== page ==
When hiring more workers makes sense
When Circuit City fired 3,000 experienced salespeople in 2007, sales plummeted and it soon went bankrupt.
James SurowieckiThe New Yorker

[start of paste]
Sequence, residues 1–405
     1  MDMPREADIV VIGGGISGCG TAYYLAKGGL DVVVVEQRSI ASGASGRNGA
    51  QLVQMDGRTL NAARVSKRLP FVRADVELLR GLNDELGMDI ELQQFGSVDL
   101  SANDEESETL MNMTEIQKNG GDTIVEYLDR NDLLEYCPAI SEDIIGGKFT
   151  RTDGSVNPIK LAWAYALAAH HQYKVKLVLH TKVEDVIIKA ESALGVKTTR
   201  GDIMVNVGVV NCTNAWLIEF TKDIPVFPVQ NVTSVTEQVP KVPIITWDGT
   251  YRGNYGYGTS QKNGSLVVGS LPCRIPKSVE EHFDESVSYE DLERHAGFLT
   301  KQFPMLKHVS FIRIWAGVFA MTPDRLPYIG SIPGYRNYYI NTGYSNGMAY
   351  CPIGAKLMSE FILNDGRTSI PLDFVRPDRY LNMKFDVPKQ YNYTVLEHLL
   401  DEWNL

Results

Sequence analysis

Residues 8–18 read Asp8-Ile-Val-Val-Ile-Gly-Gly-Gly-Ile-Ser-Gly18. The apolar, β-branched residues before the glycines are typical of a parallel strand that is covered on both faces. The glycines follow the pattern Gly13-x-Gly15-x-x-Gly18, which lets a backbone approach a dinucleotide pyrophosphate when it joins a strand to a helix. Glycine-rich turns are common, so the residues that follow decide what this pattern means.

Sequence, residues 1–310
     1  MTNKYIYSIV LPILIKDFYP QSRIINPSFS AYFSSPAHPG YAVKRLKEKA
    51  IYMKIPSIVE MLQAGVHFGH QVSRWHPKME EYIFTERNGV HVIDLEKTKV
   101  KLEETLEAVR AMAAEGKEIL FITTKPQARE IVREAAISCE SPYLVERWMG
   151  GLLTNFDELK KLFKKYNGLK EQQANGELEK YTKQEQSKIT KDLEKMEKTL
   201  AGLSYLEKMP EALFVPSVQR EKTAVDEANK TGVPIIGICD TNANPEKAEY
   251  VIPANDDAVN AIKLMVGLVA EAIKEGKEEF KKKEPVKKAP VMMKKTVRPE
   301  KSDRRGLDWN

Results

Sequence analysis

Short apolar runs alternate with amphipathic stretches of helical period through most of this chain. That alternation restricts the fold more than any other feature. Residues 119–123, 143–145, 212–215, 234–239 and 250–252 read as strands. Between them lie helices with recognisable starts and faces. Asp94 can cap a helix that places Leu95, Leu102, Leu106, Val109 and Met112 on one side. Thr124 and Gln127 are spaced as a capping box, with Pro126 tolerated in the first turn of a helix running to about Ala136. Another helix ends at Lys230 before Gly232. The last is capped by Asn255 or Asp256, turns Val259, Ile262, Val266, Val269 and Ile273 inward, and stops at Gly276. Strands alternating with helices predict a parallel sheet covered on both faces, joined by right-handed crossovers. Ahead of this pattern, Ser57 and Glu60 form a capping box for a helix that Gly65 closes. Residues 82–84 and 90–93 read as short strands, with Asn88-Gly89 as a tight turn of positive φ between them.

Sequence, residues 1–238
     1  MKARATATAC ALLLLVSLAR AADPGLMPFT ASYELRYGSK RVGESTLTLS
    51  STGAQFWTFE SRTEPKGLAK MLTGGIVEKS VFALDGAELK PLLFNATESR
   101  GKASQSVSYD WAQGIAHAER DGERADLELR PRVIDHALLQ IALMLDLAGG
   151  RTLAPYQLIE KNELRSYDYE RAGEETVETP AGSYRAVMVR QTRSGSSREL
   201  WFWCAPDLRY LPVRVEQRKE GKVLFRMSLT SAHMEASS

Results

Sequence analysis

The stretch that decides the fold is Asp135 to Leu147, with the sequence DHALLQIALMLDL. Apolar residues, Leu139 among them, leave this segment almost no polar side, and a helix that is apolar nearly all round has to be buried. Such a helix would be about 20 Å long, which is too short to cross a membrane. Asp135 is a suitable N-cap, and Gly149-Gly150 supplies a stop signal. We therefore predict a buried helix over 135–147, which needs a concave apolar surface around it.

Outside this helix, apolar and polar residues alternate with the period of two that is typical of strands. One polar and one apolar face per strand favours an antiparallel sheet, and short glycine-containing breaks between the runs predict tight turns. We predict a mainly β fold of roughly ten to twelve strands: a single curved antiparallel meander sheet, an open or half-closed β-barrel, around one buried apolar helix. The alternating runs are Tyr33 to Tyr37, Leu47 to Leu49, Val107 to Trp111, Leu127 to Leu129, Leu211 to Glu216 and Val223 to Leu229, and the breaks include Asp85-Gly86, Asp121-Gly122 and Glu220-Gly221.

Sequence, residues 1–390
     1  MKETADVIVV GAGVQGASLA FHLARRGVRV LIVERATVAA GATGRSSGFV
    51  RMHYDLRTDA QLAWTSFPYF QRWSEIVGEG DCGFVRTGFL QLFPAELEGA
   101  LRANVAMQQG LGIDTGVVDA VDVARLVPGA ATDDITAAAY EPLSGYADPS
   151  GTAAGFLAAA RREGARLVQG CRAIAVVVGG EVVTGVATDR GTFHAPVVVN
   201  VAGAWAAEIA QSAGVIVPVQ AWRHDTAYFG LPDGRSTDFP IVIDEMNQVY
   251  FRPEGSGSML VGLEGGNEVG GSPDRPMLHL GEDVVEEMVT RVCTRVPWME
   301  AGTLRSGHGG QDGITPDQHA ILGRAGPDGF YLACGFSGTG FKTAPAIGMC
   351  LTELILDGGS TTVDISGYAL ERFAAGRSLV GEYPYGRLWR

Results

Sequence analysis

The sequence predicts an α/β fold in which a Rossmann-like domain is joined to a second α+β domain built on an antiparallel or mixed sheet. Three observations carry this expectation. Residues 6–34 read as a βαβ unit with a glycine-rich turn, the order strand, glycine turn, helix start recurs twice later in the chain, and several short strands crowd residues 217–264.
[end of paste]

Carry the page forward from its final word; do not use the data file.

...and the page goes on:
Stinting on staff actually hurts retailers, said James Surowiecki. The conventional business wisdom is that companies should hire as few workers as they can and pay them as little as possible. But a recent study of four retailers—Costco, Trader Joe’s, QuikTrip, and the Spanish supermarket chain Mercadona—showed that while they have more full-time workers and pay better wages than their competitors, their stores are also more profitable. Another study of a company with more than 500 outlets found that “every dollar in additional payroll” led to between $4 and $28 in new sales. That’s because customers value well-trained salespeople who can point them to merchandise. When Circuit City fired 3,000 experienced salespeople in 2007, sales plummeted and it soon went bankrupt. Home Depot also suffered when the CEO cut floor jobs and slashed workers’ hours. So why don’t retailers hire more if it “yields such big dividends?” Because cutting payroll costs is an easy short-term fix, whereas the benefits of hiring are longer-term. A closer look would convince parsimonious retailers that they’re getting “less for less.”